III. The Will of Another Can’t Give Us the Meaning of Life
Victor created a new species, much as God is claimed to have done. We are supposed to bless God for this. What reason does Victor’s new species have to bless him? Victor created life with the goal of fame in mind. Why should Victor’s fame be of any concern to his creatures? Victor created the Monster for his own selfish purposes. Those purposes cannot become the Monster’s reason for living. Think in the previous post of some of the possible reasons I gave for your parents’ conceiving you: can any of those reasons give your life meaning?
The Monster wanted Victor to make him happy by creating a wife for him. Assuming Victor had carried through on this, would this goal of making the Monster happy have given any meaning to the Monster Bride’s life? Should she be satisfied with being told that her purpose for living is to make the Monster happy?
Whatever gives my life meaning, it must be my meaning. Somebody or something else cannot give my life meaning. A life must be lived from the inside.
This poses a difficulty for those who would explain the meaning of life by appealing to the plan of a Deity. What if God’s plan is not my plan? It’s perfectly conceivable that God could see some meaning in my life (or have some plan for my life), while I do not, because:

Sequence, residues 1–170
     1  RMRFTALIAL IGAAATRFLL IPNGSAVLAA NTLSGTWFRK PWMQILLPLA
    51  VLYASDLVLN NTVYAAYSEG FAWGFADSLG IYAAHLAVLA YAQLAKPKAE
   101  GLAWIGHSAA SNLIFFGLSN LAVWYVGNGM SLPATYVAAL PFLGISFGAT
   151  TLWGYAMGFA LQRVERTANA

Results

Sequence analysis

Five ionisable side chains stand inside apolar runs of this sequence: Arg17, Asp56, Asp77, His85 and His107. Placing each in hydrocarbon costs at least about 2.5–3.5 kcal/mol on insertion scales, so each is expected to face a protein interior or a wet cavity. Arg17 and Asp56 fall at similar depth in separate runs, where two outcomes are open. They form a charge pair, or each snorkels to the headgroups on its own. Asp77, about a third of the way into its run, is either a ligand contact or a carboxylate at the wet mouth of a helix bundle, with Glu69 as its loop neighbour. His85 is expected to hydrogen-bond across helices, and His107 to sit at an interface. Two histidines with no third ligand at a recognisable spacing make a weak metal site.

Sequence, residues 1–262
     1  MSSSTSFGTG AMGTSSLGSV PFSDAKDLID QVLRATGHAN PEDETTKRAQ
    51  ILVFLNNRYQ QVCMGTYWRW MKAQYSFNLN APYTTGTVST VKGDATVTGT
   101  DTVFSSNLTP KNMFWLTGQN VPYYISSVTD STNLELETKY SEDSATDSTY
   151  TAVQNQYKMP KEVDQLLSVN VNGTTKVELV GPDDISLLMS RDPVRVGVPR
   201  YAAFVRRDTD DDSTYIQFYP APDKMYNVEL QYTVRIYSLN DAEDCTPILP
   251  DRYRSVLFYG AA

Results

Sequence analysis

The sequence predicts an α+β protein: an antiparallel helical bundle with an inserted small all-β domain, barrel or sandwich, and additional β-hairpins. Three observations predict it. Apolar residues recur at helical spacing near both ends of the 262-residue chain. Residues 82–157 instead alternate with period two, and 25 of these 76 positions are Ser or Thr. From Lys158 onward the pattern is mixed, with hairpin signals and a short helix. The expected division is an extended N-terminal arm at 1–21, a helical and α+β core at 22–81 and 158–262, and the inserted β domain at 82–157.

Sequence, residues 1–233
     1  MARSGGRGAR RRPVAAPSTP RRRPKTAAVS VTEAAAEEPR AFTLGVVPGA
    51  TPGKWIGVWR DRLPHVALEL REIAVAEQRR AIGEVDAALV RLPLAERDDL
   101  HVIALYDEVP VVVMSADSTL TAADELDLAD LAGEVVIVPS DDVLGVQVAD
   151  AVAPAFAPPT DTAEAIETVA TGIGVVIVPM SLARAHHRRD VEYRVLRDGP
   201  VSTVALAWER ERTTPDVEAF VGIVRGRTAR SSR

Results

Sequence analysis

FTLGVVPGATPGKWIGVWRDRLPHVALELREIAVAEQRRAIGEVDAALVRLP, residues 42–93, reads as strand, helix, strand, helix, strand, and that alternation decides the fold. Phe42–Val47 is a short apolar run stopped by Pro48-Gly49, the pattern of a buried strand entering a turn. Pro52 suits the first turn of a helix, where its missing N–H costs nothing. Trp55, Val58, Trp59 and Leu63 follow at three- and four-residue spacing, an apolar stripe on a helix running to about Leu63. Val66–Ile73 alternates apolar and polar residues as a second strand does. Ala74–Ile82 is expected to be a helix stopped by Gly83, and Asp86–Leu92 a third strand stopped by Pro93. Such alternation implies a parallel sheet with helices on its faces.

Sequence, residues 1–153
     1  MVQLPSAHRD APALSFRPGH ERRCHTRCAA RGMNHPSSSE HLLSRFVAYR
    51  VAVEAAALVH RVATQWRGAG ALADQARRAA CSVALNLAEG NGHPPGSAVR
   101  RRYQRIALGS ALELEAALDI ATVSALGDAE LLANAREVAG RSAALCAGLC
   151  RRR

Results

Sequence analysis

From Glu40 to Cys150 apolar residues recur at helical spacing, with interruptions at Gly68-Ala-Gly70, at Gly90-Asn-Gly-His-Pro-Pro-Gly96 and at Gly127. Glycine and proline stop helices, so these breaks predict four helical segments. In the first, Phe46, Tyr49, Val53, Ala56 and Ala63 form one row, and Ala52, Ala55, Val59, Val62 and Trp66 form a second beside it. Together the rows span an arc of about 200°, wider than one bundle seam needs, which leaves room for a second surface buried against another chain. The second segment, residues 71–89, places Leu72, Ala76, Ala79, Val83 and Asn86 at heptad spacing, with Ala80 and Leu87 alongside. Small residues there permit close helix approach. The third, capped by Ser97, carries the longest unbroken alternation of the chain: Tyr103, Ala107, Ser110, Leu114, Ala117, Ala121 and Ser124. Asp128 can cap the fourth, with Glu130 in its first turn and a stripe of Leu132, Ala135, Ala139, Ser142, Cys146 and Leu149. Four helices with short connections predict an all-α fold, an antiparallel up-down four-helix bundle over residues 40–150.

· I don’t identify with God’s plan, or
· I don’t have knowledge or access to that plan.
Again, the Monster is all of us: Your parents’ plans and goals for your life might not be your plans, in which case, becoming a doctor because your parents want you to become one won’t provide meaning to your life unless you too identify with the role of doctor.
IV. Relationship with Others, and with Community
We gain much of our identity and meaning for our lives by reference to those around us, to our relationships with family, friends, and community. In his Politics, Aristotle rightly said something to the effect that he who can live a life of solitude, apart from his fellow human beings, is either an animal or a god.
In the beginning, Victor’s family life is idyllic (pp. 33-34). He is happy because he has others. It’s interesting that, as he starts keeping secrets from them, he becomes estranged and alienated from them, and his life becomes progressively more miserable. It is tempting to wonder whether much of Victor’s misery is a result of having no one he can share the true nature of his secret to? His integrity is eaten away by shame.